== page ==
one poster

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Today it is showing over 28V, not the 27V it was showing yesterday.

Cool. Will check when it stops charging. Started 21:30 last night, currently still charging.

Is it normal for the Voltage to be different?

did the hubble manual give any info on a procedure to follow when connecting the batteries in series and/or parallel?

Many of the "dumb" batteries will usually suggest first charging each battery individually (i.e. on a 12V charger), then connect in series and charge.

You probably received them at about 50% state of charge and the individual charge levels could also have differed slightly.

After being fully charged, the voltage will come down a bit.
 

wingnut771

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did the hubble manual give any info on a procedure to follow when connecting the batteries in series and/or parallel?

Many of the "dumb" batteries will usually suggest first charging each battery individually (i.e. on a 12V charger), then connect in series and charge.

You probably received them at about 50% state of charge and the individual charge levels could also have differed slightly.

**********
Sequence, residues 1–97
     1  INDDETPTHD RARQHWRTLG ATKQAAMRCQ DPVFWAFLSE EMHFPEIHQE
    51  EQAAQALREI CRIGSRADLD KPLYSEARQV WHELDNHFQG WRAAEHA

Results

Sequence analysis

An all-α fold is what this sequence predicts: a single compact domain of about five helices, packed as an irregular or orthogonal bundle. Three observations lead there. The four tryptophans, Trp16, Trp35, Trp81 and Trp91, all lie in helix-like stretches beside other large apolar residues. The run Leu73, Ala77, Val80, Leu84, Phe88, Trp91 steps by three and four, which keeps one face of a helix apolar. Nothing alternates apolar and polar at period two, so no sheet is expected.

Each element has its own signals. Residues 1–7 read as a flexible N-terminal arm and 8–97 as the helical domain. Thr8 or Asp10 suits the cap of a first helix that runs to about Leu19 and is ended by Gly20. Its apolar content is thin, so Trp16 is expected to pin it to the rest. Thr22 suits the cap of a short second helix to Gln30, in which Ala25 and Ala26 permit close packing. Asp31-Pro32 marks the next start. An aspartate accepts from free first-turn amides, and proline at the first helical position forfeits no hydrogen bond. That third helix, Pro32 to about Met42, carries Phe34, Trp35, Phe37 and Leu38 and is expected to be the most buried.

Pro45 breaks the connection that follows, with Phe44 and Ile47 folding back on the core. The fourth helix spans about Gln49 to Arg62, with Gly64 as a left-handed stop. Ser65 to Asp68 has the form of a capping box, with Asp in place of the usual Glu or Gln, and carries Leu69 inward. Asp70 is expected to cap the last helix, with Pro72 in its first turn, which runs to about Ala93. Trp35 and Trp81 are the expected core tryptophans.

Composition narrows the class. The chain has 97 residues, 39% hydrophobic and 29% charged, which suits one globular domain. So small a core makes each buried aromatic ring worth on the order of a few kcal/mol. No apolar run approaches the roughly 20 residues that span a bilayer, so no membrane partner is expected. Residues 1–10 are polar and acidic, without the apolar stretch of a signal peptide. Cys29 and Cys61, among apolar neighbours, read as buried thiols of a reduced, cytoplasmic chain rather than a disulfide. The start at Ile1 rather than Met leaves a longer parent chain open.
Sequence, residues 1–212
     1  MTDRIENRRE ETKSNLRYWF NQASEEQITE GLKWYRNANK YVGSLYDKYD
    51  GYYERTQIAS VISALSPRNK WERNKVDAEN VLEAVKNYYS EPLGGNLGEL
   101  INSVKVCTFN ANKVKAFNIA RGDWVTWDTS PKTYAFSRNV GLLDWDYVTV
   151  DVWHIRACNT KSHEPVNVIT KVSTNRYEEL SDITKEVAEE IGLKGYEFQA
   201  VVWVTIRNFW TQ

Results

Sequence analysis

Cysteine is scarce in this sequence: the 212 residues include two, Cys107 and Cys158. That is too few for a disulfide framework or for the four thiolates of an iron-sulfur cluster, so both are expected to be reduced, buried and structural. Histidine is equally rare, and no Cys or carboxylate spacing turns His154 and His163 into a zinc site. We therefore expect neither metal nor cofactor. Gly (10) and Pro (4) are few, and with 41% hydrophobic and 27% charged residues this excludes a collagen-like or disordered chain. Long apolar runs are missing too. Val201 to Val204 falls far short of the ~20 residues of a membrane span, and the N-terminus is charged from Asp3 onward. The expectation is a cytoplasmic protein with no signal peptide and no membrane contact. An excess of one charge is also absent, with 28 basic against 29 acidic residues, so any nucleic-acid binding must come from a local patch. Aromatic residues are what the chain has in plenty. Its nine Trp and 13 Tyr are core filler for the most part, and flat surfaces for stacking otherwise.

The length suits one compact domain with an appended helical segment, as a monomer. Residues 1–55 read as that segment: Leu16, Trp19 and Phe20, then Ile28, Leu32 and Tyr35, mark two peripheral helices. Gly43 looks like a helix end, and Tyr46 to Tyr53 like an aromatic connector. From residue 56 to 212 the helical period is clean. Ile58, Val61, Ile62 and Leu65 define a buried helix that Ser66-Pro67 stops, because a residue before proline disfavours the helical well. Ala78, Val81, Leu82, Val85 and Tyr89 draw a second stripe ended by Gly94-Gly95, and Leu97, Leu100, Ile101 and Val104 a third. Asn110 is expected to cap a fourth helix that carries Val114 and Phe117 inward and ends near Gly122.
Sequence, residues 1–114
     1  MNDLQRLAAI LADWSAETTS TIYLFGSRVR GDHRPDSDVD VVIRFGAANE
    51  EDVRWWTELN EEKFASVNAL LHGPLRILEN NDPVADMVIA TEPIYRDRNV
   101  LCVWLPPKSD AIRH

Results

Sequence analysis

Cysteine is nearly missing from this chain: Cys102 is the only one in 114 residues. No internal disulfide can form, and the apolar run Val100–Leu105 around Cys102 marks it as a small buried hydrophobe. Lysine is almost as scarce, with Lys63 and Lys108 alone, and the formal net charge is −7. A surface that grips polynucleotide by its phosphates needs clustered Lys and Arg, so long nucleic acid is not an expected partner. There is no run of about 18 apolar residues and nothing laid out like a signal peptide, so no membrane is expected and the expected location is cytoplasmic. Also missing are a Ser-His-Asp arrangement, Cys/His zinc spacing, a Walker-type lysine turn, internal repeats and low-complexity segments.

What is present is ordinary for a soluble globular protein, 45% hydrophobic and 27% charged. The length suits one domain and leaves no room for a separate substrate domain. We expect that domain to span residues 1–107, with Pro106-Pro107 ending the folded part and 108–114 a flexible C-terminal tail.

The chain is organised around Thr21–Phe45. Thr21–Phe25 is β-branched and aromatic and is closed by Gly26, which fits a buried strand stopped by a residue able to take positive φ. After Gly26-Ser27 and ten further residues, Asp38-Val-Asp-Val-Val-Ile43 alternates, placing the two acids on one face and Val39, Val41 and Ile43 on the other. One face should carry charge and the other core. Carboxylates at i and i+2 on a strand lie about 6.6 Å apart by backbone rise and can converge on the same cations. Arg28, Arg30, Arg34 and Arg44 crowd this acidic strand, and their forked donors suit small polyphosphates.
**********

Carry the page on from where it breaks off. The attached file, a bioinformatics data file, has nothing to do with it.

After being fully charged, the voltage will come down a bit.
I wonder if these S-100's should be connected in parallel initially for a day so they can balance before connecting to inverter in series, assuming one doesn't have a 12V charger?

@RonSwanson, did you balance yours?
 

one poster

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I wonder if these S-100's should be connected in parallel initially for a day so they can balance before connecting to inverter in series, assuming one doesn't have a 12V charger?
From what I know LiFePO4 does not "self balance" like Lead Acid. If you do not actively charge them in parallel there will not be any current flow just because one battery is at a bit different state of charge.

Edit: I was talking horse shyte! Parallel connecting batteries at different voltages will have current flow.